As you know Sue had committed to walking Land's End to John O'Groats and I had agreed to accompany her on the Clyde Walkway portion of her walk. I had been getting fitter by walking around the 5 miles every second day and a long walk every weekend, which ranged from 10 to 14 miles. However all of my walks were on the flat.
I intended to keep up my walking schedule while in Canada and I even took my walking boots with me. Then of course bought some fabulous walking shoes when visiting relatives in Kincardine, Ontario. They were a must, a bargain and so comfortable...
My continued walking commitment was much supported by Andy, Lianne and Gordon, who looked for walks that would fit in with my mileage requirements. As I needed to get fit for the stupendous 32 mile trek across Lanarkshire on my return to Scotland. However very few of them were on the flat and all seemed to meander through woods, up and more importantly down forest paths.
|peek a boo|
Fast forward to two days later while searching for a famous elusive train wreck in the woods, I slid on some scree as I manoeuvred downhill. Continued on the walk, as you do, with jelly legs, sore right knee and elbow and feeling a tad sorry for myself until we found the train wreck
and then the suspension bridge!
So two falls down, thinking my bruised knee and elbow will recover soon when I took a mammoth fall down the stairs in our apartment and injured my left side including knee and elbow. I know, I know, I hear you asking "was alcohol involved?" and the answer is sadly, no. Perhaps I would have fallen better if it had. Although I doubt it, as I landed on a tiled floor and it was not what you would call a soft landing.
Now I am thinking, three down... that is enough and off we went on a family trip... sorry... change that word... family jaunt to the Sunshine Coast and although we did walk up hill and down dale, I didn't fall. Phew!
I saved my fall for on the return ferry journey when I tripped over a stanchion and rolled! Andy said that I was like a paratrooper. The only injury I was left with on that occasion were two tiny bruises where my hips hit some rivets.
Now picture this, and no I won't share the photos, I am hobbling around with two gammy legs and my two injured elbows would hinder me using walking poles, so I have to accept that I won't be walking the 32 miles with Sue on my return to Bonnie Scotland.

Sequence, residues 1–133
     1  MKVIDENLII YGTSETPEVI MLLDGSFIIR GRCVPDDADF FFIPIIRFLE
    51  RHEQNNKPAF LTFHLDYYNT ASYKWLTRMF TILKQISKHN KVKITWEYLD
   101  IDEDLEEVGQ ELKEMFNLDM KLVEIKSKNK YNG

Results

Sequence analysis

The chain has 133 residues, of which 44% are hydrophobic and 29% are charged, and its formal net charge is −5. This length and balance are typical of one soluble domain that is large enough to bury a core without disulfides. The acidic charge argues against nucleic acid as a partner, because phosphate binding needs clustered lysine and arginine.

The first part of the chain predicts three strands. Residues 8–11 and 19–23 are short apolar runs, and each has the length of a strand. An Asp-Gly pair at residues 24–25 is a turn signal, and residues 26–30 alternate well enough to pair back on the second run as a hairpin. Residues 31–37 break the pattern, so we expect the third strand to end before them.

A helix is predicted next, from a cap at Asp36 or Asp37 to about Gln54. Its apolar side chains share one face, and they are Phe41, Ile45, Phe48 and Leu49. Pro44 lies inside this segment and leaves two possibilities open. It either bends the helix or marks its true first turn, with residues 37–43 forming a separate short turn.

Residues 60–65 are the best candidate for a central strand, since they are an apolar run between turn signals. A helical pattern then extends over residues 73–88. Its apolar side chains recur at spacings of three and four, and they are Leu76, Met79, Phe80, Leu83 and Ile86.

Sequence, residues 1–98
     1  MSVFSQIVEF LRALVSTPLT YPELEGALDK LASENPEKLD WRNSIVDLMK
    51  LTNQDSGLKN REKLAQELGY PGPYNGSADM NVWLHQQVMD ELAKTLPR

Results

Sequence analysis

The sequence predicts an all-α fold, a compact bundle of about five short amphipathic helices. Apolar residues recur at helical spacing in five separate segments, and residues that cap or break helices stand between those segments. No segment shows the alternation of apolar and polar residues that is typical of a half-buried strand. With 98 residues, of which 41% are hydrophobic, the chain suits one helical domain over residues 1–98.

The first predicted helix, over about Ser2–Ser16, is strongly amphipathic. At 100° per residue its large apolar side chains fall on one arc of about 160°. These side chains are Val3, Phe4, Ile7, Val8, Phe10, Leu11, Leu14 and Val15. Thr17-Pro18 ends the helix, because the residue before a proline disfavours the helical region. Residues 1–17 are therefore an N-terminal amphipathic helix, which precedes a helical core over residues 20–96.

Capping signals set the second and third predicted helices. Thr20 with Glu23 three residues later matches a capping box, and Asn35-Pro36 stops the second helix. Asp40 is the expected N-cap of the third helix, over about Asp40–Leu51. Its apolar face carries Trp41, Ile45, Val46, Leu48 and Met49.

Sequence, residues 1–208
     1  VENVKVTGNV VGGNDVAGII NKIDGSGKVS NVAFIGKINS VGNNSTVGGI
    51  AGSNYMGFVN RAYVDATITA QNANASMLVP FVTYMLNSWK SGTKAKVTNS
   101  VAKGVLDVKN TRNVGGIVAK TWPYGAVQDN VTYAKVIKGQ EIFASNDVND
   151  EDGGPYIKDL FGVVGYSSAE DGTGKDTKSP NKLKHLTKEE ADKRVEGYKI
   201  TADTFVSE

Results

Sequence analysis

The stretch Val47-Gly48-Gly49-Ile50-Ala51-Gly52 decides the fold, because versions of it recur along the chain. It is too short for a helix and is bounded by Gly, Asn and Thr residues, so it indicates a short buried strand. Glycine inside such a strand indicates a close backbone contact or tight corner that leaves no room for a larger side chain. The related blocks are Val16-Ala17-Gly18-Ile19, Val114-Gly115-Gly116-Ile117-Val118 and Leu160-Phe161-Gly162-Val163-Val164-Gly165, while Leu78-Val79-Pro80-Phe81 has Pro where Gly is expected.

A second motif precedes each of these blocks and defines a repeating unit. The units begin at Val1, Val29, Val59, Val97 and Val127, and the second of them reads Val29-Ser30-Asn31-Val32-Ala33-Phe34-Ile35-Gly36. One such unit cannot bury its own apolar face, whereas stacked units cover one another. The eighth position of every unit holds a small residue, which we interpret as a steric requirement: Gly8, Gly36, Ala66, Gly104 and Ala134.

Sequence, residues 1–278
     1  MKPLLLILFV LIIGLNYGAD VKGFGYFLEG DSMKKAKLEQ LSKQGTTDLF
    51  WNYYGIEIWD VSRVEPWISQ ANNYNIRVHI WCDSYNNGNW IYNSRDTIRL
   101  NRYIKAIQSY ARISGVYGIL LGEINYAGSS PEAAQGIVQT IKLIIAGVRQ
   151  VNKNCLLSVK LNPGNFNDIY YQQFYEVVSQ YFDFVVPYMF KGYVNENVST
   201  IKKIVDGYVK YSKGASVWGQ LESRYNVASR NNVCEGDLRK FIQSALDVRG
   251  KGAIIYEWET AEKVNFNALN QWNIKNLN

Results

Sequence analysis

Now that isn't the end of the story, I promised you a happy ending, remember.
After many emails back and forth, Sue and I agree that I can join her on the 11 miles of the Kelvin Walkway, with the proviso if it gets too much, too painful etc I can phone Andy and get picked up. Perfect...
We walk initially with Kenneth, our eldest son, who leaves us enjoying our walk through the hidden wooded glades bordering Glasgow's River Kelvin.
The river meanders and so do we. The terrain gets muddier and we try to avoid the muddy puddles but to no avail. The rain comes on which makes the path we are walking on treacherous as the walkway edges very near the river bank. Onwards we travel, through heavy undergrowth and I have to say, "over the head" growth and "coming in from the sides" growth. I was expecting Dr. Livingston to appear at any moment.
Over stiles, dreeping down walls until eventually I fell. Yes.. you could see it coming. I fell into a patch of nettles, lost all dignity and couldn't get up for laughing. You see I hadn't fallen in the river, I hadn't injured knees, hips or elbows. I had just slowly and softly landed on a welcome patch of earth, albeit a bit stingy.
Sue says that the Kelvin Walkway was the worst terrain she encountered in her 650 mile journey, so far. However we have lived to tell the tale. We laughed, we cried, we chatted, we put the world to rights and we reconnected, remembering why it is that we are friends.
Thank you Sue for a most memorable day and a wonderful friendship.
Grazie mille, mia amica Sue.
baci e abbraccio